This is a summary of the work we presented at the week 12 showcase for the land and property data platform proof of concept.
It’s an exciting time for devolved taxation in Wales. The Welsh Revenue Authority will likely need to support geographically varied land and property taxes. There’s also work on Council Tax reform and early discussions about a Tourism Levy.
We wanted to learn how the WRA can support geographically varied taxes and, by taking a platform approach and ‘learning by making’, start to understand whether this could also be the foundation for something for all of Wales. A reminder that when we talk about ‘platforms’, we mean things that make it simpler and faster to deliver public-facing services and deliver on policy intent.
And that our approach was to look at thin slices of functionality and data to help us explore the opportunities and challenges of a land and property data platform to understand how that might look for Wales.
Finally, a reminder that our work is speculative and all the data we used was synthetic. Place names, and locations were inspired by a Wikipedia entry and sited on military/ex-military land. We also made up two ‘tax zones’ (North East and South West) to illustrate the idea of locally varied taxes. Again these were fictional - we didn’t want to set any hares racing during the proof of concept!
We set ourselves 4 objectives to meet within 12 weeks, which we’ll step through with examples of work we’ve done and things we’ve learned.
1. Bringing the opportunities and challenges to life
We built a platform prototype using synthetic data. It’s working code, but a small-scale model of the real thing. It’s helped us think about how a data platform for land and property might work in reality.
We know that good platforms do a few simple things well. Through research, we learned that making these clear to any potential users is vital.
For example, we listed its features and tried to explain how they help users solve their problems:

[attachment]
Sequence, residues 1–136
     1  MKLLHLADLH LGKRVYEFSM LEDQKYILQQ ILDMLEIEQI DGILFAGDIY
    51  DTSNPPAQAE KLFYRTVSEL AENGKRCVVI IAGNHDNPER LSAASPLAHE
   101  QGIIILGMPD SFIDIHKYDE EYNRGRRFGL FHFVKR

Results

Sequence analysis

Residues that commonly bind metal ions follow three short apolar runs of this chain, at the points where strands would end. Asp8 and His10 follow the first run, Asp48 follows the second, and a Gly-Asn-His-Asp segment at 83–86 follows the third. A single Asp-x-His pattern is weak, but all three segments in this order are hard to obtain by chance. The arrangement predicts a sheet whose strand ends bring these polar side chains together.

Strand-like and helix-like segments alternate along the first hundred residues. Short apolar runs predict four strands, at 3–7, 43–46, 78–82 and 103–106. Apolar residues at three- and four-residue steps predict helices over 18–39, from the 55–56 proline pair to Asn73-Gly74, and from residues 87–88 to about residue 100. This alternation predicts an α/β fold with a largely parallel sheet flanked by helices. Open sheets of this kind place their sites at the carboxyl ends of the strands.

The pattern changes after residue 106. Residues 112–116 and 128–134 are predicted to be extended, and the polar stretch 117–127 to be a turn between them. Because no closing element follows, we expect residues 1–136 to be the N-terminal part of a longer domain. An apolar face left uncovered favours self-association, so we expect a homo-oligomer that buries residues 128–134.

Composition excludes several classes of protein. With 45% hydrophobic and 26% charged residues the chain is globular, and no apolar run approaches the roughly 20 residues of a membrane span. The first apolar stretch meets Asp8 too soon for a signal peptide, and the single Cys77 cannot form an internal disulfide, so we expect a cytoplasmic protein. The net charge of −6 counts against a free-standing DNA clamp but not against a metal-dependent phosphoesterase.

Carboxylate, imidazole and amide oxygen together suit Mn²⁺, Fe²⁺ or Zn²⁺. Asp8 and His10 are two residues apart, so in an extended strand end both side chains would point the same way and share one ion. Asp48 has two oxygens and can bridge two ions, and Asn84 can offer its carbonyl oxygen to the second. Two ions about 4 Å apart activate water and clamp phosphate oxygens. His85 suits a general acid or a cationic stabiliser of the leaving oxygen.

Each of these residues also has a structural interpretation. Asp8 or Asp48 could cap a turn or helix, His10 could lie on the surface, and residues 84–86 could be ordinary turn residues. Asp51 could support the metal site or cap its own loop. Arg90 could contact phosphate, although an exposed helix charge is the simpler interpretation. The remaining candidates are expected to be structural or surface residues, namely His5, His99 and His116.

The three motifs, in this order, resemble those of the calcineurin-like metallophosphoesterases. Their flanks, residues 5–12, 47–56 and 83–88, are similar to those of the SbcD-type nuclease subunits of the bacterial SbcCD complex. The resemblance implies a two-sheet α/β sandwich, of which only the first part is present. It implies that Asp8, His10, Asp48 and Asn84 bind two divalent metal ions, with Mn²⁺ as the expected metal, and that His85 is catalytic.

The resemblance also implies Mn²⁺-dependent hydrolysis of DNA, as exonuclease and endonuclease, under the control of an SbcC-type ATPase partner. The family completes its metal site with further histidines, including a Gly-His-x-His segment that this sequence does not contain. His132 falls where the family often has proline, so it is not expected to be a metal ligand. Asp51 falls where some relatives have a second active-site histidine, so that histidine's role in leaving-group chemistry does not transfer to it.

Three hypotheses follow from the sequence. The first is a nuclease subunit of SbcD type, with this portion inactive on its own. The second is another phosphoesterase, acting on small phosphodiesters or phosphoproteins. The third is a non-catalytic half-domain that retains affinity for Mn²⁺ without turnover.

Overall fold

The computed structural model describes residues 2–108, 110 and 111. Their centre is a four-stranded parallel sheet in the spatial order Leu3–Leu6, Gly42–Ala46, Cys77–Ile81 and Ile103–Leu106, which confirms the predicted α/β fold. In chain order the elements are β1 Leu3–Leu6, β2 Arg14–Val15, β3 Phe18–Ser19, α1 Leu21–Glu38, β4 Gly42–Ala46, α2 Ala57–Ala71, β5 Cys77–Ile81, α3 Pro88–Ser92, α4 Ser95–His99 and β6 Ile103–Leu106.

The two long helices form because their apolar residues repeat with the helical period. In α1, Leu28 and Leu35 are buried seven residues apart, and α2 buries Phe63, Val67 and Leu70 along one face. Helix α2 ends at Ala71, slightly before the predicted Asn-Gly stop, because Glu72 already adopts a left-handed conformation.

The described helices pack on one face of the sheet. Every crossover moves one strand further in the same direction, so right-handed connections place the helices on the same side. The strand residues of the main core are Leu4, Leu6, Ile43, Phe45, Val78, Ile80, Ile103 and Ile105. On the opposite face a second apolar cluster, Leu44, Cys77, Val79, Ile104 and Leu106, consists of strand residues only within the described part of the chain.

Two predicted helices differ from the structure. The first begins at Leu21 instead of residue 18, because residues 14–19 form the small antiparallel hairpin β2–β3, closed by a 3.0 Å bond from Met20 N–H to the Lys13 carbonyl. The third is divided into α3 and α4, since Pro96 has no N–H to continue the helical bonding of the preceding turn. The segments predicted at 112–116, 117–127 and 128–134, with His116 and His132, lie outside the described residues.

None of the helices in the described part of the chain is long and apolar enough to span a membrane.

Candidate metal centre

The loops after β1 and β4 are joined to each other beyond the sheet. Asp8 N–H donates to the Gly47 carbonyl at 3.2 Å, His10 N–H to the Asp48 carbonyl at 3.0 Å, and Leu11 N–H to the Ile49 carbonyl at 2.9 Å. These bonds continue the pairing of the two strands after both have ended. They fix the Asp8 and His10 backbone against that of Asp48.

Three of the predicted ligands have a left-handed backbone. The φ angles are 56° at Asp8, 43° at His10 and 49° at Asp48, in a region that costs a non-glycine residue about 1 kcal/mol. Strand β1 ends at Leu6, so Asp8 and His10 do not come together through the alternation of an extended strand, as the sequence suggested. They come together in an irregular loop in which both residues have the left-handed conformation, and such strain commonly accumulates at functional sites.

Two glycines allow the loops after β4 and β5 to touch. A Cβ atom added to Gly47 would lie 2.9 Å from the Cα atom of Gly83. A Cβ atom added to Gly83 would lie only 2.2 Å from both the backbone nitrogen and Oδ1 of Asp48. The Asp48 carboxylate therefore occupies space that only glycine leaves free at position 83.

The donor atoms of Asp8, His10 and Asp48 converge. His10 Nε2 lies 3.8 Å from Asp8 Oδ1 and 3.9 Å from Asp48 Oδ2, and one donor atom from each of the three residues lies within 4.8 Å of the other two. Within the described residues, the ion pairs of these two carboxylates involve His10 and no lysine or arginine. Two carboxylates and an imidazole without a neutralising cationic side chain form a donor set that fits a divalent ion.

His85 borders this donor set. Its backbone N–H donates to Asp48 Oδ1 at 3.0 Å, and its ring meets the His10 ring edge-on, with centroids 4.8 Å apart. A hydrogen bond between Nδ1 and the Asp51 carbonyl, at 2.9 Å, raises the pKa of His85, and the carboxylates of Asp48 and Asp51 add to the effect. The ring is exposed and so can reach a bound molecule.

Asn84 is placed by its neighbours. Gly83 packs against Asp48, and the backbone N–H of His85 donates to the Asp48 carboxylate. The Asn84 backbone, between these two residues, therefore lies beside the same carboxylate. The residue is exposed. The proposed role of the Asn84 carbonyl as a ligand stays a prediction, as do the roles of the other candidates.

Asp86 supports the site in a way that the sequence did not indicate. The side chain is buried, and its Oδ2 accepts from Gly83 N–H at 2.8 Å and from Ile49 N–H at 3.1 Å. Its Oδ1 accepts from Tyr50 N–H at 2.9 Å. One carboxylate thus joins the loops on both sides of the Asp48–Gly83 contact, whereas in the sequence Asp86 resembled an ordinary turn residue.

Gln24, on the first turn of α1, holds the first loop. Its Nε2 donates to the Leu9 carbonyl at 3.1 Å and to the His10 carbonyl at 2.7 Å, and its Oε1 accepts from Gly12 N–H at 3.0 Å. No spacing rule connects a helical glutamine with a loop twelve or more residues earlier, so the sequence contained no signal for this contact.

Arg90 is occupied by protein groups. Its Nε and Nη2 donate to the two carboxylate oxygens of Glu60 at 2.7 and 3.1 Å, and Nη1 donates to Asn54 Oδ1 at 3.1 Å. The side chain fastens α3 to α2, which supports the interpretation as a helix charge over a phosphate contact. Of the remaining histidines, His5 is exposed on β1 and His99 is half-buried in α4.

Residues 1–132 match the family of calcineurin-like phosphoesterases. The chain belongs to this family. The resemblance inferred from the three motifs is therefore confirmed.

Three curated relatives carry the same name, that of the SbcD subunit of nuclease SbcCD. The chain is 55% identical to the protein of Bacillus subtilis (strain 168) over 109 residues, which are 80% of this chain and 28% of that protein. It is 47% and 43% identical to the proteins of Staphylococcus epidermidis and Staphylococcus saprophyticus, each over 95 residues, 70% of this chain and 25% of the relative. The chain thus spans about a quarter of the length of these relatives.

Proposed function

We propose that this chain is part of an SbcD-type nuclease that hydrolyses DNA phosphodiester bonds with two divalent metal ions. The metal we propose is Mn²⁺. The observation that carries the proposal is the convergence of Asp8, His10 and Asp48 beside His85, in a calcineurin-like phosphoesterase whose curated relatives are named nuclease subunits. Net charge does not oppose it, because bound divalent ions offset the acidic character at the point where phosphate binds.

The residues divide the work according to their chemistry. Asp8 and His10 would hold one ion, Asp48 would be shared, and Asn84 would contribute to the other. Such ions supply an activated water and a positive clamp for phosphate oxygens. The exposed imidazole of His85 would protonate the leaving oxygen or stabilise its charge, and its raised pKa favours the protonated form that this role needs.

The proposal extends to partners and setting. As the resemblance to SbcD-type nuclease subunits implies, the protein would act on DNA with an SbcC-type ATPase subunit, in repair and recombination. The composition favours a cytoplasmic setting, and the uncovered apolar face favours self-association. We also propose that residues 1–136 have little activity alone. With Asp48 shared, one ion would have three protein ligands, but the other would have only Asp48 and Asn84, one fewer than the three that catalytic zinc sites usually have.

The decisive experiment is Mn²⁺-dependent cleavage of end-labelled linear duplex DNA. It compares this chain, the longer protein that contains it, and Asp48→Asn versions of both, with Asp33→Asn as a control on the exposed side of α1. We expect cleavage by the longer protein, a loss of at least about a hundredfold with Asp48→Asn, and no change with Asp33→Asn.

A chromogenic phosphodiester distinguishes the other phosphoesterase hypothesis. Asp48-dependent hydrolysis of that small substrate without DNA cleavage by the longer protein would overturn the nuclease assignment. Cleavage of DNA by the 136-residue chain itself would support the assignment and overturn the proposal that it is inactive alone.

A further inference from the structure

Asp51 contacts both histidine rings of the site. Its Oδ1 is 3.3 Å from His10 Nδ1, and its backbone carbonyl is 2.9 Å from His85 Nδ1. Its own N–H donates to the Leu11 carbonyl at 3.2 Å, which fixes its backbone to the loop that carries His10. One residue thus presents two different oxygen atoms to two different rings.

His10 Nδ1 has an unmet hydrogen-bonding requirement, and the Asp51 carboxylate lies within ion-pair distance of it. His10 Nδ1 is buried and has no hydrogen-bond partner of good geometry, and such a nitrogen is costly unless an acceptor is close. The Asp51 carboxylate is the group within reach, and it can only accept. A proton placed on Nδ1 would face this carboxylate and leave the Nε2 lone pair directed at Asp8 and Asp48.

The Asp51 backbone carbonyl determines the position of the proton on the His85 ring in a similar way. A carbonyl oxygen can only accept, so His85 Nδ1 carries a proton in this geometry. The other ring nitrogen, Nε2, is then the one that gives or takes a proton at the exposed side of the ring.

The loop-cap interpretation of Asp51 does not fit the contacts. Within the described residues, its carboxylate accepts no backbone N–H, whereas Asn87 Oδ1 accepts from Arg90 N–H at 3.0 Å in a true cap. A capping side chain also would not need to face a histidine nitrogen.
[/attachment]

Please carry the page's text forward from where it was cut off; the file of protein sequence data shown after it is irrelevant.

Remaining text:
- Verify whether a property is in Wales. Less straightforward than it sounds.
- Provide tax rates for an imagined local Land Transaction Tax
- And look up any property in Wales based on a Unique Property Reference Number (UPRN)
To test the platform, we built a really simple service on top of it called Is It In Wales? You’ve guessed it: it tells you whether a property is In, Not In or Partially in Wales.
It sounds so simple, but actually due the ambiguity and complexity of different datasets that currently exist, there’s not always a simple answer to this question. The platform makes answering it trivial.
Using a platform to surface information at different stages throughout the buying process
Platforms enable multiple services, so we wanted to think through how information might be surfaced at different stages of someone buying a property.
One scenario we explored was how property search engines, like Rightmove, might present geographically varied taxes. How would that look and feel to a home buyer? Could we explain localised land and property taxes in ways that people understand?
How would it feel when people were switching mode from searching for a house to actually buying it? This is a mocked up a tax calculator to illustrate how that might work.
Finally, we wanted to explore the idea of creating a digital proof of transaction. A land and property platform might be the first place that a transfer of ownership is recorded. Could that become a jumping off point for future joined-up services?